k Σ, z
Proof. Let’s consider the versor a revolution axis for and let be the axis
r
of an orthonormal frame made up as:
{i, }
j, k r
This is a set of principal axes of inertia, so the associated inertia matrix is
0 0 }
{i, k z
j , k another reference frame. Since is its axis this
diagonal. Let be r
r z
will be another set of principal axes of inertia. Furthermore, whilst the to
axes of the two referencies are not changing orientation, it can be said that the
θ z
second is obtain as rotation of angle of the first along is axis:
−
cos θ sin θ 0 T
10 01
1 R = R
R = sin θ cos θ 0
0
0 0 1
Whereas the rotation matrix between them expresses the change of basis matrix,
it’s known by linear algebra the relation that ties matrix of linear application
36
3.3. KINETICS OF ROTATIONS 37
in different reference frames: 01 10
[I] = R [I] R =
0 0
R R
− cos θ sin θ 0
A 0 0
cos θ sin θ 0 − =
= sin θ cos θ 0
0 B 0
sin θ cos θ 0
0 0 1
0 0 C
0 0 1 2
2 −
A cos θ + B sin θ A sin θ cos θ B cos θ sin θ 0
2
2
−
= A sin θ cos θ B cos θ sin θ A cos θ + B sin θ 0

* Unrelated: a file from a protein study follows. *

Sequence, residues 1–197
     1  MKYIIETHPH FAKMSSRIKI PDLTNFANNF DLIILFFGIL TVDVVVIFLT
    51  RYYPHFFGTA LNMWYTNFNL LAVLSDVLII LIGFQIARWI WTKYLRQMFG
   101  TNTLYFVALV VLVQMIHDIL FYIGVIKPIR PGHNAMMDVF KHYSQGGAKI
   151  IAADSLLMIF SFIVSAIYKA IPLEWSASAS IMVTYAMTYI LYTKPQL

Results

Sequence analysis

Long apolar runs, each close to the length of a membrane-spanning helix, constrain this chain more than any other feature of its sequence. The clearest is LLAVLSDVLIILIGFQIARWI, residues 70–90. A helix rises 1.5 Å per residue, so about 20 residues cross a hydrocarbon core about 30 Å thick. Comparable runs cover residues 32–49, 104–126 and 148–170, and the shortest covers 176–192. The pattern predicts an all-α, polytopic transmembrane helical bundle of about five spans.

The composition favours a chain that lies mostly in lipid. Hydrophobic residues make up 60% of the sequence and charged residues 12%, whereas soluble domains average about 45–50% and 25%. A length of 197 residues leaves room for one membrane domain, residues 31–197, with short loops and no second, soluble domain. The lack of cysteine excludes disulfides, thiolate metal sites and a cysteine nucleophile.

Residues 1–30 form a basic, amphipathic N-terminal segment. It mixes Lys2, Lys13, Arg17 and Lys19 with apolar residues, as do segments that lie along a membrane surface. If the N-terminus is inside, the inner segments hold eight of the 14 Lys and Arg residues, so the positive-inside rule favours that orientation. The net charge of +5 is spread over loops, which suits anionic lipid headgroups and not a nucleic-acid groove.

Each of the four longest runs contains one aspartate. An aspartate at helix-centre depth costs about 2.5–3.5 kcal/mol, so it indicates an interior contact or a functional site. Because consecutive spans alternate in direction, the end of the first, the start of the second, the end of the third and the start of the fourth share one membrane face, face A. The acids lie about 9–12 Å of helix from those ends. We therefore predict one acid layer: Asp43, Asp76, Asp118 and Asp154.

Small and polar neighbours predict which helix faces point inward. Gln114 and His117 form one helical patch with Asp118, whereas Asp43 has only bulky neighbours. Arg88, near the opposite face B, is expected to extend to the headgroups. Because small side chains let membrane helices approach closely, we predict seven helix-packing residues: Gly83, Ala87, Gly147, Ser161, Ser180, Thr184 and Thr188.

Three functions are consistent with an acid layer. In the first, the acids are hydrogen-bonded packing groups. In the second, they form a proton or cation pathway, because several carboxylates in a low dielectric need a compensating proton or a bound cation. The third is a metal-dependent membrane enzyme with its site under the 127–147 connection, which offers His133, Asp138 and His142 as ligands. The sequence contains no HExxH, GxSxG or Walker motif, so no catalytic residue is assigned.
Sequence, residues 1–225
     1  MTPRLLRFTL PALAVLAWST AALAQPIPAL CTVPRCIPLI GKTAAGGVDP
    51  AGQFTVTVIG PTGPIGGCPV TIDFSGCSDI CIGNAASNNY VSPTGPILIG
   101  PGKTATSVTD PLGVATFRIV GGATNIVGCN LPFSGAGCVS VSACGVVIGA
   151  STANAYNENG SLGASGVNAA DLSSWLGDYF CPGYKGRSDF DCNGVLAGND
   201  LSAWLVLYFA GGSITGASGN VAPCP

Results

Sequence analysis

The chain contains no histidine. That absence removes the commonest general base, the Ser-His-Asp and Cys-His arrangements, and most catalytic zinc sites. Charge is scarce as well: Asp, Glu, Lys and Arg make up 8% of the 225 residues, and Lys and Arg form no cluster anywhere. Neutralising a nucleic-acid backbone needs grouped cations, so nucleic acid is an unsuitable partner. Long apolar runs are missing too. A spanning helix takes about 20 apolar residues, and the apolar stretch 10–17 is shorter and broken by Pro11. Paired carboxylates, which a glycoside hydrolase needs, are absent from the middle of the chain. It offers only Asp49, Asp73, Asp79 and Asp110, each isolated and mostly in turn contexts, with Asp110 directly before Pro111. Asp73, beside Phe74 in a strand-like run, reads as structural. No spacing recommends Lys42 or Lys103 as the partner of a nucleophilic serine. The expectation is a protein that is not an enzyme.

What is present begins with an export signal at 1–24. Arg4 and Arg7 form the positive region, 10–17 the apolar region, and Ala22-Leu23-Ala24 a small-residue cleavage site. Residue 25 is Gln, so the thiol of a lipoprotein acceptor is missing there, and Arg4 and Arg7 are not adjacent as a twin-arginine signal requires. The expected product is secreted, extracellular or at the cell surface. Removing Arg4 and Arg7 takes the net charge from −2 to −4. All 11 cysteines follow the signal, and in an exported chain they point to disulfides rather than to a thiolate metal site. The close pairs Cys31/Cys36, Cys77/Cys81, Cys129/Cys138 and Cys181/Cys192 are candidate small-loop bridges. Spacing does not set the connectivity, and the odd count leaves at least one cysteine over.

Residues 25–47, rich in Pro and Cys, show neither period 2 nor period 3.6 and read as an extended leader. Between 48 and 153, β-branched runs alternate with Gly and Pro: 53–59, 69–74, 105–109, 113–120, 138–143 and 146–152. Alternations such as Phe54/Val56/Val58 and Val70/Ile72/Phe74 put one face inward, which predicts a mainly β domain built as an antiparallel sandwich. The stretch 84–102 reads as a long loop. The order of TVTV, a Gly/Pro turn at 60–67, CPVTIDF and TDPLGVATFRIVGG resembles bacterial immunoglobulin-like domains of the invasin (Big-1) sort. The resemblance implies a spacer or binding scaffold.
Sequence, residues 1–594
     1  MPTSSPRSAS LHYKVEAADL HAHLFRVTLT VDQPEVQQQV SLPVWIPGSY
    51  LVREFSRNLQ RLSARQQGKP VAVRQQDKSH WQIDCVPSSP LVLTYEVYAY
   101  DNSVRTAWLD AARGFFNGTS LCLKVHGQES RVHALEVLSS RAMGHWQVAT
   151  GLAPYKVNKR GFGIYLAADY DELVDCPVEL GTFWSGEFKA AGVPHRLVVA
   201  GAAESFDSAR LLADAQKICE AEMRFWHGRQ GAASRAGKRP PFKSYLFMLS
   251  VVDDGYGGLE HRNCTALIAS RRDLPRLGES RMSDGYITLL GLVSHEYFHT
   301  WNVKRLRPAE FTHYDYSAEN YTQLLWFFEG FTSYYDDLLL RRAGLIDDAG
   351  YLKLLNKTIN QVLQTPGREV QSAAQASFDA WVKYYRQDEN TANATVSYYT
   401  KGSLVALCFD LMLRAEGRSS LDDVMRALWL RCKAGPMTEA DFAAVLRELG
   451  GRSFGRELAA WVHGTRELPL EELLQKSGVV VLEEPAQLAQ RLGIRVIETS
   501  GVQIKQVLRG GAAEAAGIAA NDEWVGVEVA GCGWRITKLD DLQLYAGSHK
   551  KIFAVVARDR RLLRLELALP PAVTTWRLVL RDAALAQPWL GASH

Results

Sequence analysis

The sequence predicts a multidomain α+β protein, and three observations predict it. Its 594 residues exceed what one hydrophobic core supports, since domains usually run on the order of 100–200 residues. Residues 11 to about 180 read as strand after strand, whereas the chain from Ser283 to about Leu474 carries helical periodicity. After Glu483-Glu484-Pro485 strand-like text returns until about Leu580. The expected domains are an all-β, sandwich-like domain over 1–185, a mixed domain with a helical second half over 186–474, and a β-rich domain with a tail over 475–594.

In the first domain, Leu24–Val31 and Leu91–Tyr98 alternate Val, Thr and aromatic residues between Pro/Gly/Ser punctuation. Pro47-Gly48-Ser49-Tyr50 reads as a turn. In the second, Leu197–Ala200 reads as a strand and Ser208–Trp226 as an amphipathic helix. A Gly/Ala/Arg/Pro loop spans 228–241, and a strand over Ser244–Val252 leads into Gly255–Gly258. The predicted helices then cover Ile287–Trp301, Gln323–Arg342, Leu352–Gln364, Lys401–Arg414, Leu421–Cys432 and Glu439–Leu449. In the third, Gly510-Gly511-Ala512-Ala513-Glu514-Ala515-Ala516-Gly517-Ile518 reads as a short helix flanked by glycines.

0 0 C
Since even the new reference frame is principal inertia axes one, so the non
diagonal terms has to be nils. That means:
−
A sin θ cos θ B sin θ cos θ = 0
A = B,
The equation is solved for and that justify the structure of the inertia
matrix in this particular case.
The meaning of a revolution axis is that the mass of the solid is homoge
neously distributed with respect to this one. Few of the most famous geometrical
shapes has an axis of revolution: sphere and cylinder are same examples. With
regards to the inertia matrix, to find out a revolution axis equals to a remarkable
x
property of the diagonal coefficientes (for shapes with revolution axis, the and
y axes are symmetry ones, so inertia matrix is diagonal). With these results, it
is easy for some solids to write the inertia matrix in a suitable reference frame.
Moreover, is possible to change the pole of inertia matrix; the HugensSteiner
theorem, also known as the parallel axis theorem, allows to express the moment
I) d
of inertia (diagonal terms of referred to a parallel axis distant from the
0
O
starting one, passing from another point . S
Theorem. The moment of inertia of a solid about any its axis is equal to
the moment of inertia about a parallel axis through the center of mass plus the